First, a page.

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Helen-Wheeler smIn the latest Bibby Blog, Managing Director for Construction Finance, Helen Wheeler, talks about the small sub-contractors bucking the construction sector trend. 

The latest batch of construction sector data paints a fairly bleak picture for the industry. At the end of April we heard that output in construction had contracted by 0.9% in the first quarter; meanwhile the latest Construction PMI showed that the industry suffered its worst month since June 2013. Other data also indicate that activity in the private housing sector is rising at its slowest pace since 2013.

But despite this downcast outlook, our own SME Confidence Tracker for Q1 told a more positive story. Almost half (49%) of the construction SMEs we spoke with had experienced an increase in new business in previous months. Looking ahead, over half (52%) are expecting sales to increase, up from a third (34%) at the end of 2015.

So why the mixed picture and what does this mean for the construction industry and the SMEs operating within it?

One possible explanation is the industry lag between large construction companies and main contractors taking on new contracts, and SMEs and sub-contractors further down the supply-chain being engaged. Whether it’s a new 400 unit housing development or a new lane on the M25, big contracts are awarded to big business. But once work commences, it’s here that smaller sub-contractors begin to benefit.

A key driver is keeping the industry going is the line-up of government-led infrastructure projects on the horizon, with the Northern Powerhouse developing a strong pipeline of work in the North.

One business with insight into the state of the industry is Spectrum Contracting Services, a recruitment agency dedicated to the construction and rail industries. Spectrum is seeing high demand for specialist and skilled workers, with the business aiming to have over 1,000 construction and rail workers on site by July. However, the business has also seen the build-up of an impending skills gap, particularly with bricklayers and machine operators, which could impact the industry’s ability to deliver on projects. This is particularly true for the housing industry and calls into question the ability to meet the government’s target of 200,000 new starter homes by 2020.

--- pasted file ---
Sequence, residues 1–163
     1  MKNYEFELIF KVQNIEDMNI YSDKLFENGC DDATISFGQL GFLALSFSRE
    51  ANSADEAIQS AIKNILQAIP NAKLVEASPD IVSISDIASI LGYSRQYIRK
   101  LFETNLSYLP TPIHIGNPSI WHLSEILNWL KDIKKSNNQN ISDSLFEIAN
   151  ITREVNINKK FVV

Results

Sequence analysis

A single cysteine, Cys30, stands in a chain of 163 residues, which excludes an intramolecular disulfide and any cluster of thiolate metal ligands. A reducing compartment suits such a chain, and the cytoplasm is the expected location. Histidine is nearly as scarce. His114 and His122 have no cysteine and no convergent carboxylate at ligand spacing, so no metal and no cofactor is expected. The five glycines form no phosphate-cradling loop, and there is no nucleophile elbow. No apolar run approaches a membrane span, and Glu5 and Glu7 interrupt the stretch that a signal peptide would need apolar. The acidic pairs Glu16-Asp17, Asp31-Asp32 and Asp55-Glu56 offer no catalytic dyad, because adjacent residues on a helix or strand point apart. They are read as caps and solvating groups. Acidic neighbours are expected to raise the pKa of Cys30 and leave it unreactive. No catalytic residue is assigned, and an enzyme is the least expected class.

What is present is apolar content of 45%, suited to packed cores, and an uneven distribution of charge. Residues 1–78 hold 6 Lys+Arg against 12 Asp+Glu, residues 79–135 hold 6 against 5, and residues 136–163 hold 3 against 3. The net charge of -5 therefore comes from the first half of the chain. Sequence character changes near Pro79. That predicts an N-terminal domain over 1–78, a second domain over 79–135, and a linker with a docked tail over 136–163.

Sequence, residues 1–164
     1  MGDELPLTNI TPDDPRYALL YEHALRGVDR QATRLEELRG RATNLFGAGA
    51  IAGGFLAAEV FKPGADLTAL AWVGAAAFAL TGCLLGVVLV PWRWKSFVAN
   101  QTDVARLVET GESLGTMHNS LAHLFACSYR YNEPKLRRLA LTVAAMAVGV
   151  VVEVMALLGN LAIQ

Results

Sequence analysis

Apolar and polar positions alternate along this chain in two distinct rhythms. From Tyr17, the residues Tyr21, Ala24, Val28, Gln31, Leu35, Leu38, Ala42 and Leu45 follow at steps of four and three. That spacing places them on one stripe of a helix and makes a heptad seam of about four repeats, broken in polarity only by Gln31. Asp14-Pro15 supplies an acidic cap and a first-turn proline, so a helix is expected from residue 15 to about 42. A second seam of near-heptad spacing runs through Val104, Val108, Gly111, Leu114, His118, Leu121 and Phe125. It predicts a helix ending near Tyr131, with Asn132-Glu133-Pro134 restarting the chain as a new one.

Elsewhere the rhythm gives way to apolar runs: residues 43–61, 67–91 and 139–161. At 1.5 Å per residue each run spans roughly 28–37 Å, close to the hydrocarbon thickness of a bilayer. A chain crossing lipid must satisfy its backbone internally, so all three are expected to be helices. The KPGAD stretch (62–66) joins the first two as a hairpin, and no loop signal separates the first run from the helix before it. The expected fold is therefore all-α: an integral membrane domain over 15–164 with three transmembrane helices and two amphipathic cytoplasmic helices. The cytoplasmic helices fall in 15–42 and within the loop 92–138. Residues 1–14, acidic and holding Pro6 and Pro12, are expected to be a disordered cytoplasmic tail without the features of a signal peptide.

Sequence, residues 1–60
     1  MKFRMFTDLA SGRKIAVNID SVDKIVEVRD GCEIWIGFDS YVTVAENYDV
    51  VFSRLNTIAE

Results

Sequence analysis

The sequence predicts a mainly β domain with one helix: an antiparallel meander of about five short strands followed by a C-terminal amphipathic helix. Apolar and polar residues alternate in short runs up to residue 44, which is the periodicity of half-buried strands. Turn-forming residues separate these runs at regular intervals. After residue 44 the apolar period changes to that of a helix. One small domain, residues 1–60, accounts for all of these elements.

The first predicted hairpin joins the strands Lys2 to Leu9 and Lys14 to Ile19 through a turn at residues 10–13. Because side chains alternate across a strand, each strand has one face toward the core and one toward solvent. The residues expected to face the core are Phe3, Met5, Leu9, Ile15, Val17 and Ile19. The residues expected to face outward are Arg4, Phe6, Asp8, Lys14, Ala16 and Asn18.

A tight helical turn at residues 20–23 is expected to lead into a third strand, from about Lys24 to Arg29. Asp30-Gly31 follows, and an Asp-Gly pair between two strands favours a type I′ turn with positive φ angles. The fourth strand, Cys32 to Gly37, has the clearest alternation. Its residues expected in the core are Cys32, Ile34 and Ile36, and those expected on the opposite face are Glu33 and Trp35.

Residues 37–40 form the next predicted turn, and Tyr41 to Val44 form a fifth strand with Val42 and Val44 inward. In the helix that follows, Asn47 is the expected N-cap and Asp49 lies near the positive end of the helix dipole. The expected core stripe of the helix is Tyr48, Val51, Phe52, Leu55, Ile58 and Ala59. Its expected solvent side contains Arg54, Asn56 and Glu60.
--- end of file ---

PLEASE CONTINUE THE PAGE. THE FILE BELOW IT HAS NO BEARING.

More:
So while the SME sector appears to be in a good place, the outlook for the coming months looks uncertain. In addition to a delayed housing bill and the growing skills gap, one thing holding back the construction industry has been the uncertainty around the UK’s relationship with the EU. This uncertainty appears to have created a drag on the sector with businesses holding back on committing to new projects.

It is clear that growth in the industry is set to be sluggish over the coming months especially where private investment is concerned. However, there is a pipeline of infrastructure projects that could breathe new life back into the industry. With around five weeks to go, the UK economy and the construction industry will soon know the answer to the EU question. Whichever way the vote goes, the industry will quickly need some fresh impetuous to get things moving again.

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